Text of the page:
However sentencing remarks, while essential for anybody wishing to report or pass comment on a criminal case, are not by themselves sufficient to give a comprehensive understanding of what has happened in a case. A sentence hearing is a dynamic process. The advocates will advance often-conflicting submissions as to how particular case law or Sentencing Guidelines apply – whether a certain aggravating or mitigating feature is present, for instance, whether an offence is a “Category 1” or “Category 2” offence, whether a victim is “particularly vulnerable” or just plain “vulnerable”, whether a defendant is “dangerous” and so liable for a particular kind of sentence. The judge will usually interrogate these submissions, challenging the advocates to justify their position.
There will be mitigation advanced, which will usually include reference to detailed Pre-Sentence, psychiatric or psychological reports, as well as character references, letters from the family and so forth. Again, the relevance and significance of this will vary from case to case, but it all forms part of the picture.
And the thing about sentencing remarks is that they don’t – can’t – rehearse everything that has been said in a sentence hearing. They only set out the headlines. They should, plainly, explain why a particular sentence has been passed, but they don’t include all the evidence that was heard at trial, all the arguments that were advanced by the prosecution and defence during sentence, or a full examination of the law.
And sentencing remarks are set to become even less detailed thanks to a decision of the Court of Appeal last year, which appears to have completely bypassed our justice ministers. In the case of R v Chin-Charles  EWCA Crim 1140, the Court of Appeal went out of its way to criticise judges who produce what in the eyes of the Court of Appeal are overly detailed sentencing remarks:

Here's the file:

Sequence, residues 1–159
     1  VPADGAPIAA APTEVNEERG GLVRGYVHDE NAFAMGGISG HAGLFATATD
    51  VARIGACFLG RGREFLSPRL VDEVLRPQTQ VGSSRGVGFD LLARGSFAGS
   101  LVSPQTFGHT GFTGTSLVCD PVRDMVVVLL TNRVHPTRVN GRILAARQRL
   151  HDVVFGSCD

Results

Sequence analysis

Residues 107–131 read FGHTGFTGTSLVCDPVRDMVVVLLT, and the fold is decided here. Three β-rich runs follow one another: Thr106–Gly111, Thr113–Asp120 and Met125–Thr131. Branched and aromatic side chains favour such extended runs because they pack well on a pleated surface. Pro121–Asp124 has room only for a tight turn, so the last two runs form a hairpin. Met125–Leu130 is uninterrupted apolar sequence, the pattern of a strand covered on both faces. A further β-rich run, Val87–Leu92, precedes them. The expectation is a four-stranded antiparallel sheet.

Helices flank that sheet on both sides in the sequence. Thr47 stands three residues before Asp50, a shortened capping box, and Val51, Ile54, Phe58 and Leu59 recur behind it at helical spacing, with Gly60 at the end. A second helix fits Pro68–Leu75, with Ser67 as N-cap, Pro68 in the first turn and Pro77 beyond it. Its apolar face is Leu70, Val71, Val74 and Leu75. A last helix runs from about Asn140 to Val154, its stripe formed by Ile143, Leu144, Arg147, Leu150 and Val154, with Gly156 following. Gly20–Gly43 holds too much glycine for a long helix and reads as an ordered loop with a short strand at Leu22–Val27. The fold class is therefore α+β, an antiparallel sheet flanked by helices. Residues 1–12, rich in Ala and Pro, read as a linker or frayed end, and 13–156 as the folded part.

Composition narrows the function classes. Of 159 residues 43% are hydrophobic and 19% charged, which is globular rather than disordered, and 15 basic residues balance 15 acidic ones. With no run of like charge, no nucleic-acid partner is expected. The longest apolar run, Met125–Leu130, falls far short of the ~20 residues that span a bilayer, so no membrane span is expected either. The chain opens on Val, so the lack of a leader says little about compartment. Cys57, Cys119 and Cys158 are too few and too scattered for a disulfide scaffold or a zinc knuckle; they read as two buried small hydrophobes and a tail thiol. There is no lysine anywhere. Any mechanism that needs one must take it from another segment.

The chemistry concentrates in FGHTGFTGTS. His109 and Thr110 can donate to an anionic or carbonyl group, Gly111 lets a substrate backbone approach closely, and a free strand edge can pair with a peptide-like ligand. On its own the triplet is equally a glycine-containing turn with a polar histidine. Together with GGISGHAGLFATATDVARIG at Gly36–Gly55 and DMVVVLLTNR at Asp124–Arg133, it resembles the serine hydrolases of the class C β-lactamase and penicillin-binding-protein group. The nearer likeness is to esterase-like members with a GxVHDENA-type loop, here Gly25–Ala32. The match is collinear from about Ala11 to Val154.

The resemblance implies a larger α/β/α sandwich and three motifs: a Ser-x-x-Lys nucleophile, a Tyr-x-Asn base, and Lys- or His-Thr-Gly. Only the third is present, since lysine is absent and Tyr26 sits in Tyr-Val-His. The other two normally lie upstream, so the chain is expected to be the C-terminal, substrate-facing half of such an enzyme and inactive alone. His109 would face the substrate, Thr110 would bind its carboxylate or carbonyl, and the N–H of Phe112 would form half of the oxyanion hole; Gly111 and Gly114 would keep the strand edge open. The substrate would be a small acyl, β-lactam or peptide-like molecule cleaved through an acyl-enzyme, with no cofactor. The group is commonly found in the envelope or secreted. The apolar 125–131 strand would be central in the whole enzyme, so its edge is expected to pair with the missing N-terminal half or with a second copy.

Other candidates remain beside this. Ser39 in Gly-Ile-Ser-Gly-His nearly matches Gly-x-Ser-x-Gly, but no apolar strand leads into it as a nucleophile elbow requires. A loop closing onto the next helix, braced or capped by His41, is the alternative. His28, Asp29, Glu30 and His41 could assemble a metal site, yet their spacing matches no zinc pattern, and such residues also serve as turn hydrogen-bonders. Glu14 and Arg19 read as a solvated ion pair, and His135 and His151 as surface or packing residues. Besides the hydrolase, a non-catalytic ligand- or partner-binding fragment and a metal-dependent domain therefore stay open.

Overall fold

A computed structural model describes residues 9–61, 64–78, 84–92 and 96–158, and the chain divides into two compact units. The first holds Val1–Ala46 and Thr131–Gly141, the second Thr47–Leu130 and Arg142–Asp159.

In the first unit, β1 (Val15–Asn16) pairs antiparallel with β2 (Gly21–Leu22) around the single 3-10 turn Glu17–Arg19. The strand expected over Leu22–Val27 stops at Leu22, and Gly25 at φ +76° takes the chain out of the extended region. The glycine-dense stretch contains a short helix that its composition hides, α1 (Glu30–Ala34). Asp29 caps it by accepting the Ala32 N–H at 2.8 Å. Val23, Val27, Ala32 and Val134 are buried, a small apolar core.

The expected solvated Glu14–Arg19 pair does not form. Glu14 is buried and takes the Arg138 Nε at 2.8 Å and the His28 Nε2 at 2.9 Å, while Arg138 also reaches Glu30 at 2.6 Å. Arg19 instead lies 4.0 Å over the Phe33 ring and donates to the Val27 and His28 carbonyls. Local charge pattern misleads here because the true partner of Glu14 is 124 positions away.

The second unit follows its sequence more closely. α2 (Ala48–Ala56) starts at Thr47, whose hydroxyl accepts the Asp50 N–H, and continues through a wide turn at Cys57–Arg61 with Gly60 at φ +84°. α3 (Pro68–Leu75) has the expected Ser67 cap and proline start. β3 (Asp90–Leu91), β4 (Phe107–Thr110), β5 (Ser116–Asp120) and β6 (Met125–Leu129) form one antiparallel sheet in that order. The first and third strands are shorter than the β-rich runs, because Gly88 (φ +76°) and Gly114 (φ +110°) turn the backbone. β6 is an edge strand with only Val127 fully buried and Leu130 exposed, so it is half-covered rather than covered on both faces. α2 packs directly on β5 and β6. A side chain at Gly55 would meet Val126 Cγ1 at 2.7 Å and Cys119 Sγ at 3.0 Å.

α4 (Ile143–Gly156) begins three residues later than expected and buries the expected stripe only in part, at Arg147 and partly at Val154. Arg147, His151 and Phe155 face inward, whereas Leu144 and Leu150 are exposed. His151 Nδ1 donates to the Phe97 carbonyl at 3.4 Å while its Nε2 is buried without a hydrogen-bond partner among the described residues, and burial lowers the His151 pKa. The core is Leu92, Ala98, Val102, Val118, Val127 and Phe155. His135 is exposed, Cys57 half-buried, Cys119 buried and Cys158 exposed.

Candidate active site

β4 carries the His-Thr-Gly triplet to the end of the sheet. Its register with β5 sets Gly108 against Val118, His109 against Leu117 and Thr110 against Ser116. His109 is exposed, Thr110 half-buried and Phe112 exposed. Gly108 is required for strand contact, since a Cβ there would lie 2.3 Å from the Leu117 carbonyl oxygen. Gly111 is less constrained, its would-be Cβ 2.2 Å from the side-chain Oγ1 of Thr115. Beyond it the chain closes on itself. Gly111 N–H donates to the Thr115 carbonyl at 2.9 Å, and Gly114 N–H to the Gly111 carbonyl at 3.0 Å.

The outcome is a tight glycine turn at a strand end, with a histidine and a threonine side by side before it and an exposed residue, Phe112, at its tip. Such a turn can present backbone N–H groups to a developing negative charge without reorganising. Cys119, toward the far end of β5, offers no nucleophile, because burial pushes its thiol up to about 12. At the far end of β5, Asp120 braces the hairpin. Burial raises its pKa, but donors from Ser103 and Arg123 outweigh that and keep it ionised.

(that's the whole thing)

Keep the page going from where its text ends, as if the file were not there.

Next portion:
For my part, sentencing remarks which cite the law, contain detailed discussion of the guidelines, recitation of the arguments and a comprehensive explanation as to how legal and factual issues in the case have been resolved are absolutely what are required to help the public understand why a judge has passed a particular sentence. This decision appears to have been made with an eye on reducing the workload of the Court of Appeal by trimming the number of pages they have to read on sentence appeals, and is in my view wholly at odds with the notion of sentencing as a public function. Sentencing remarks should be written like a judgment, for that is what they are: a judgment determining a person’s liberty.
Of course the Court of Appeal hearing an appeal has a transcript of the prosecution’s opening and the record of mitigation, as well as the reports, but the public watching a Crown Court judge pass sentence does not. And if – as is proposed – they are not to be shown any of that – no prosecution opening, no mitigation, no reports – and the judge is told that there should usually be no supporting narrative, that supporting facts should be set out “not as a matter of course” and that case law should only be referred to in “exceptional circumstances” – how on earth is the public going to be fully informed? How will the complexity of criminal sentencing – the delicate balancing exercise of competing aims and interests – be fully explained to a non-legal audience?
And so we have a perfect storm. Judges are now mandated by the Court of Appeal to include as little detail as possible in their sentencing remarks, while the government proposes to broadcast those remarks – and nothing more – in an alleged effort to enlighten the public.
We already see with regularity fully-explained sentencing remarks divorced from their context, misquoted or distorted by lazy reporters and special interest groups, and judges unfairly monstered as a consequence. The ability of anyone so inclined – from bad-faith editor to Twitter troll – to clip decontextualised video footage and circulate it virally to make a dishonest point about ‘soft sentencing’ or ‘loony judges’ is a modern reality. To increase the risk of misunderstanding by showing the public only a fraction of the process is a move at odds with full transparency.
A cynic might point to this government’s overt anti-judiciary agenda and suggest that, far from enhancing public faith in justice, this is a ploy designed to expose judges to the wrath of the partially-informed mob. But even if the Prime Minister’s judge-bashing is just unhappy coincidence, it is clear that at the very least there are obvious flaws in this plan which, in the true spirit of the Ministry of Justice, have not been thought through.